Copyright by 2019 by Galen C. Dalrymple.  ><}}}”>

DayBreaks for 12/10/19 – A Message for the Grieving

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DayBreaks for 12/10/19: A Message for the Grieving

Do you remember your first brush with death?  It might have been the death of a pet, or when you first saw road kill.  For some, the first touch of death is for a human who was loved but now gone.  It matters little what the first encounter was, for we will most certainly encounter death numerous times during our few years.  People have wondered since the dawn of creation about the dead – where are they, is there a place they go to, if so – what is it like?  Will we see them again?  For Christians, the questions are a bit more focused: do the dead in Christ go to be with him right away, or do they go to some kind of “holding tank” until the end?  Or, are they even conscious until the resurrection?

It appears that the Christians at Thessalonica had questions about such matters and the apostle Paul wrote partly to bring their questioning to an end.  Paul had several things to say that were instructive:

FIRST: We want you to be quite certain, brothers, about those who have died, to make sure that you do not grieve about them, like the other people who have no hope. (1 Thes. 4:13, JB)  As with any group of people, they’d seen loved ones die and be buried.  And they wanted to know more about their plight.  And, thankfully, God wanted them to know more about their status, so He had Paul pen these words.  There are some who will read this that will experience their first Christmas without a particular loved one. Let God speak to you through the words of Paul this year to give you comfort.  But Paul goes on:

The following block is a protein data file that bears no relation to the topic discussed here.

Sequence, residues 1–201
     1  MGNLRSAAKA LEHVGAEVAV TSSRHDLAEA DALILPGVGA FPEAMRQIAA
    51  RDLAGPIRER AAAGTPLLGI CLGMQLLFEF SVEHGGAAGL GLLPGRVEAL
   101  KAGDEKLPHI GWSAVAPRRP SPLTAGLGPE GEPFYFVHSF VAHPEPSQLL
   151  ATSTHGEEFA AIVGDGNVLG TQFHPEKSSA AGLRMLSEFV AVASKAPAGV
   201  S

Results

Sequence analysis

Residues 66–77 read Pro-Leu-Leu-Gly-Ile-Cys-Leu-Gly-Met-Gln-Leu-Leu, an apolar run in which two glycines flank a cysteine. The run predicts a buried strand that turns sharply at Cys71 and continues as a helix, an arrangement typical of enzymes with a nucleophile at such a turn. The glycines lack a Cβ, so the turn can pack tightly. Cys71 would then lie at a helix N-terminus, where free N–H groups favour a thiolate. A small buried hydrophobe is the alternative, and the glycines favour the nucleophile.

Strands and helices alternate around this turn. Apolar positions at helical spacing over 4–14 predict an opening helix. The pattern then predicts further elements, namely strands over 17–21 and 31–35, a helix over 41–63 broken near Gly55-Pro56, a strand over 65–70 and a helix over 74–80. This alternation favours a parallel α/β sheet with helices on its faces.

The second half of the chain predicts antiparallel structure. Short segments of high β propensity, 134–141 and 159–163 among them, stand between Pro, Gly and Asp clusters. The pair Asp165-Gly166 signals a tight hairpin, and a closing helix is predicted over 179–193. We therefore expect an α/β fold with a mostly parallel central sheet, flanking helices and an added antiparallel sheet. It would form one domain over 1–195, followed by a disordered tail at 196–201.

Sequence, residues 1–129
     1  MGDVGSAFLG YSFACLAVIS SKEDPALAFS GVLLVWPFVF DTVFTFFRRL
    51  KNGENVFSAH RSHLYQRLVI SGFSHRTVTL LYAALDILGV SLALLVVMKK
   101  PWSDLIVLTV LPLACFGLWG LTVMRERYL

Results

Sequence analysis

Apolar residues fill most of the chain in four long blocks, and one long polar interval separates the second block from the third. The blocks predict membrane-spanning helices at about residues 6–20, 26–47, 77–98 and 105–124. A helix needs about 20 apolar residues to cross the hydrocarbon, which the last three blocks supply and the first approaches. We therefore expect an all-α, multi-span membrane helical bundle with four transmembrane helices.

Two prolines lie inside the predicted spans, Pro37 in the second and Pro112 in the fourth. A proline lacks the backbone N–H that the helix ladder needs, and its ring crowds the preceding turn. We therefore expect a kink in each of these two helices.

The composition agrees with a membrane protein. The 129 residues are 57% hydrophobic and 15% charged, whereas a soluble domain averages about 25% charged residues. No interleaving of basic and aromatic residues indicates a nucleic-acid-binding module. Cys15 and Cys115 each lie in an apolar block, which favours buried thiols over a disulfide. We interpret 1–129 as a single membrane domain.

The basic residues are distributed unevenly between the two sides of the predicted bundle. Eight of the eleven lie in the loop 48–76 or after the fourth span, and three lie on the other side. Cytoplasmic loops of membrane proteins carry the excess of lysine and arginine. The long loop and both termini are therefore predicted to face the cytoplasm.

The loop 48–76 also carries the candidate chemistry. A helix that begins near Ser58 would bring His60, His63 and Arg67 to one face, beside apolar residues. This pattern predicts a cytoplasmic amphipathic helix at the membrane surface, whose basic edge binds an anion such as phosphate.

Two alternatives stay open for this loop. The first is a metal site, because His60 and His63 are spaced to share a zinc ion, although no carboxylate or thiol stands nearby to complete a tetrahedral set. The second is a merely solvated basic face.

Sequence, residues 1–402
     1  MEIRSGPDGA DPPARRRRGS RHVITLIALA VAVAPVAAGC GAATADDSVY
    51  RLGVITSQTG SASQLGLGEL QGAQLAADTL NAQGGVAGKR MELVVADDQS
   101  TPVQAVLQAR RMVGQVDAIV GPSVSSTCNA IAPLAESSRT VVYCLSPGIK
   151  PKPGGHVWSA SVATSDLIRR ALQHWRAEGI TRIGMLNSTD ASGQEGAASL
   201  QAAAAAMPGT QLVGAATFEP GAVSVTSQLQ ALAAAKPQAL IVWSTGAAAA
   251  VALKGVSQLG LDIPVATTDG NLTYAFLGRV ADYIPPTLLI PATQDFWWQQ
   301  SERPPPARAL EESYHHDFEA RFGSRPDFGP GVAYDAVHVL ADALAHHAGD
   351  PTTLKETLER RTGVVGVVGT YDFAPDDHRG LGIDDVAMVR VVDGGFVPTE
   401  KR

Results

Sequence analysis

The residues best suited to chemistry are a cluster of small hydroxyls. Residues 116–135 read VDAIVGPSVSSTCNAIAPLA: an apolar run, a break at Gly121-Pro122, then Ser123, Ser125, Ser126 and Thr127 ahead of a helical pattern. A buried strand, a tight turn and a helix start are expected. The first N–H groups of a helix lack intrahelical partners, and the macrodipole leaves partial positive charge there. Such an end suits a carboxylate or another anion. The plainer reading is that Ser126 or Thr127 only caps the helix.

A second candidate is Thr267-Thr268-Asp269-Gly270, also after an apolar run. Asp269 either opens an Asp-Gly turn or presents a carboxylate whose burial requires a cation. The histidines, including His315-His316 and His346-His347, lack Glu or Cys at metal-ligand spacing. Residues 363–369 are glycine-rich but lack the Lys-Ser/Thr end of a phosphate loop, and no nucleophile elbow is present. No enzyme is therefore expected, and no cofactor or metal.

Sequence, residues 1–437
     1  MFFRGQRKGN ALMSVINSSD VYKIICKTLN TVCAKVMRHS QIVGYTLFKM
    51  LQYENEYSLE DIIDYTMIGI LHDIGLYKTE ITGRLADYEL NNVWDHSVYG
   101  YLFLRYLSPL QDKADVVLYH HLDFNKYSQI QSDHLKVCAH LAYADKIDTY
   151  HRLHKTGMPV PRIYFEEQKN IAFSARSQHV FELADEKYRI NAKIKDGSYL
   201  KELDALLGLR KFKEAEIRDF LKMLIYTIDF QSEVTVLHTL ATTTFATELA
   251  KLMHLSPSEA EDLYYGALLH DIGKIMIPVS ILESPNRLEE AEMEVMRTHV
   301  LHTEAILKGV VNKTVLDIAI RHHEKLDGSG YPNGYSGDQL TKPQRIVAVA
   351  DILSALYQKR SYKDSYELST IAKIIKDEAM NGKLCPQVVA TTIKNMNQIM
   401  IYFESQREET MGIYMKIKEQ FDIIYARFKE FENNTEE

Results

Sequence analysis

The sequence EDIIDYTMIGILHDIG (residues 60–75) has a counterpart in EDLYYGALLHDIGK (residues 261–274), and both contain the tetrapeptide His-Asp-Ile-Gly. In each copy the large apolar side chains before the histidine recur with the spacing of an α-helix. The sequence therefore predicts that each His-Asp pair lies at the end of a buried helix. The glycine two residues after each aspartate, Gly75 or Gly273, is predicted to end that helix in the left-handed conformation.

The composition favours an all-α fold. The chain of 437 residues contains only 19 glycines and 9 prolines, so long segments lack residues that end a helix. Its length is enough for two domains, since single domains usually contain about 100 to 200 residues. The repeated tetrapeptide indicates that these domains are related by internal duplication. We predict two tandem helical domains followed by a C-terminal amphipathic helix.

SECOND: I want you to know what happens to a Christian when he dies so that when it happens, you will not be full of sorrow, as those who have no hope.  For since we believe that Jesus died and then came back to life again, we can also believe that when Jesus returns, God will bring back with Him all the Christians who have died. (1 Thes. 4:13-14, TLB) What is God telling us in this passage?  That we will see our believing loved ones again.  This passage also hints at something another verse will make even more clear: where the dead believers go in the interim – that Jesus will bring them “with him” – so they must be where he is.

THIRD: For me to live is Christ and to die is gain.  If I am to go on living in the body, this will mean fruitful labor for me.  Yet what shall I choose?  I do not know!  I am torn between the two: I desire to depart and be with Christ, which is better by far.”(Phil. 1:21-23, NIV)  Where does Paul say he would go if he departed this life?  “To be with Christ.” 

Just a day or two ago, I was exchanging email with a friend whose wife (both he and his wife are Christians) passed away this past summer, and I asked him how he was doing during this holiday season.  He replied to me, and I wrote back and simply said, “This year she’ll be celebrating Christmas with the One who was born in the stable.”  I believe that with all my heart – she is presently with the Lord, and when He comes back, she’ll come with Him – as will all our loved ones who have died in Christ.

I want to remind us all that the holidays are very difficult times for people who face them alone for the first time – for all who will have an empty chair at the family gathering this year.  Please – reach out to them and share this part of the good news with those who are in Christ – let God speak peace through you to encourage them as to the fate of their loved ones.